Gone is a well-written film. Or better-put, it is a well-structured film. There is the obvious attempt at narrative coherence which succeeds substantially. Made in 2018 and recently acquired by Netflix, screened at Calgary Black Film Festival and select Nigerian cinemas in 2021, one can tell that, beyond being well-written, it’s also a technically efficient film. The cast, led by Sam Dede as Ani, is a mix of the old and the new. Stella Damasus returns from hiatus to star as Ngozi, and Bimbo Manuel, in a supporting role, plays Ani’s confidant. Between the veterans are Gabriel Afolayan and Bimbo Ademoye, both glibly named Ayochukwu and Anuchukwu respectively. A strong cast, technical quality, an impressive story; nothing except its closure holds this film back. But, for a moment, let’s talk about Bimbo Ademoye.
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The story follows Ani, played by Sam Dede, who left his family for twenty-five years and returns to lay claim to them, however tenuous that possibility might be. The film caters to that perpetual greener pastures dream all Nigerians crave, and the consequences that occur if that dream should go awry. Ani returns to Nigeria to find the wife he abandoned with another man, and his children all grown into adulthood, a little quicker than absolute parental comfort would have allowed. Gabriel Afolayan plays the little brother and Bimbo Ademoye plays the big sister—a new iteration in her streak of impressive, immaculate performances.
In 2015, Bimbo Ademoye made her debut in Bunmi Ajakaiye’s film, It’s About Your Husband, where she played a gullible concubine. Six years later, it feels as though her rise has been meteoric. Within that time-span, Bimbo has featured in a number of successful films, with Sugar Rush as the flagship of her reel. Bimbo’s strength is her ability to make a small role appear complete. (Her role in Nneka the Pretty Serpent works as a fine example here.) Although there is a level of jocundity her performances rely on; family roles and ride-or-die friendships, where she can be overly familiar with most of the characters she plays across from. The foundation to Bimbo Ademoye’s successful portrayals in Sugar Rush or Breaded Life is evident here in Gone. Three years after her debut in 2015, Bimbo Ademoye plays Anu, daughter to Sam Dede’s troubled character, and sister to Ayo, the brilliantly portrayed Gabriel Afolayan character.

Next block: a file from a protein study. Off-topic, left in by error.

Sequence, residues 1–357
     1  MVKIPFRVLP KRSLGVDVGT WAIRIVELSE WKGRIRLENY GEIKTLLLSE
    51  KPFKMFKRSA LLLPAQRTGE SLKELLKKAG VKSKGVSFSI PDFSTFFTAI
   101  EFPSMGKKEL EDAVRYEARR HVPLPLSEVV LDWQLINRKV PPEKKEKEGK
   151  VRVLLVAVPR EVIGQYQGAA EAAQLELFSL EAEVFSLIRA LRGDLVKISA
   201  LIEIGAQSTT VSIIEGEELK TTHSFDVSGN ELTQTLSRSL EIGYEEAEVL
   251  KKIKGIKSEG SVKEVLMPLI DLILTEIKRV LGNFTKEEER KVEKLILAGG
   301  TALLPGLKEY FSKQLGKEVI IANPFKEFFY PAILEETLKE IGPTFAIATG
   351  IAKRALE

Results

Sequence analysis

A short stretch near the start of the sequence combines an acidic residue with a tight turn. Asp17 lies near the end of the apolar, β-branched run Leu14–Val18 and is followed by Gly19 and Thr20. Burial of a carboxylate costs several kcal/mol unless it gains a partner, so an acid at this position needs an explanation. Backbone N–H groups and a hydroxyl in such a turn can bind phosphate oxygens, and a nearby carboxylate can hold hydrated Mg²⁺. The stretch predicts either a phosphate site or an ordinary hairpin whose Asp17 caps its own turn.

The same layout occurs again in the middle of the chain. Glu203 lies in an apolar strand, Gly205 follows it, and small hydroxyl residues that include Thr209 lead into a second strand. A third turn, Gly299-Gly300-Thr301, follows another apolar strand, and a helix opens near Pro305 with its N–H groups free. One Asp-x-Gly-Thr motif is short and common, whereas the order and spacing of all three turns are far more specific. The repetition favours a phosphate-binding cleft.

Gone, apparently, is the pristine place to see Bimbo Ademoye. Here, she is the narrative nexus. She switches effortlessly from affable sister; obedient, responsible daughter; her mother’s defender; to an emotional wreck with daddy issues. We must credit the film, written and directed by Daniel Ademinokan, for providing a character interesting enough for her to work with. Not since Gone has Bimbo played a character more fully-rounded, more acceptably complete. (Maybe her role in Breaded Life, but here, in Gone, she has a more mature, less comedic responsibility to deliver as an actor.) We need to take Bimbo Ademoye more seriously; pull her away from the ugly gnaws of stereotypical comic-relief supporting actor roles. She is beyond ready for a role as lead in a well-written drama.
Bimbo Ademoye’s Anu, like her father, Ani, also has a dark secret to how she has kept the family afloat poverty. Only in the third act is her job revealed, and it is, yet again, credit to the narrative structure, because the clues have been set up from the first act. The story suffers, however, with its melodramatic tilt for its resolution. Its ending feels a tad too convenient, bordering unbelievability. A story built on the grim realities of life concluded with the fanatic convenience of fiction. A third act insistent on a happy ending when it could have been more. We should see Bimbo this way. A savant actor with far more talent than the industry is crediting her with.
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- The original rating is 6.5, but for Bimbo, we added a 0.5.
- EmmaOhMaGod does well, surprisingly. The scene he confronts Stella Damasus and picks two packs of noodles: Gold.
- Gabriel Afolayan is really good. Yes, we say it enough, but it does not hurt to reiterate that.
- A small plot hole problem: the man who loaned Ani money twenty-five years before the film opened, it seems the man never aged. At the start of the film, he accosts Ani for the loan and while Ani is a middle-aged man, he doesn’t look it.
- And for Pete’s sake, how did Sam Dede outrun those three young men in the opening scene. But you know, suspension of disbelief.
Gone is currently streaming on Netflix.
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